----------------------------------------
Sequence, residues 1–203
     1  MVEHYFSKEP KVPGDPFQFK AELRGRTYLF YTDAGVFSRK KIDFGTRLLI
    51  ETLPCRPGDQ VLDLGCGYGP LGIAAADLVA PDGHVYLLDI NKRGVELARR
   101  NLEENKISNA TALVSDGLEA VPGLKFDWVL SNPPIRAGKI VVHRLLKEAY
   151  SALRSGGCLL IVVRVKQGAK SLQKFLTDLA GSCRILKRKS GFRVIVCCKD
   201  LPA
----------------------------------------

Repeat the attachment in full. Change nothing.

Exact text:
Sequence, residues 1–203
     1  MVEHYFSKEP KVPGDPFQFK AELRGRTYLF YTDAGVFSRK KIDFGTRLLI
    51  ETLPCRPGDQ VLDLGCGYGP LGIAAADLVA PDGHVYLLDI NKRGVELARR
   101  NLEENKISNA TALVSDGLEA VPGLKFDWVL SNPPIRAGKI VVHRLLKEAY
   151  SALRSGGCLL IVVRVKQGAK SLQKFLTDLA GSCRILKRKS GFRVIVCCKD
   201  LPA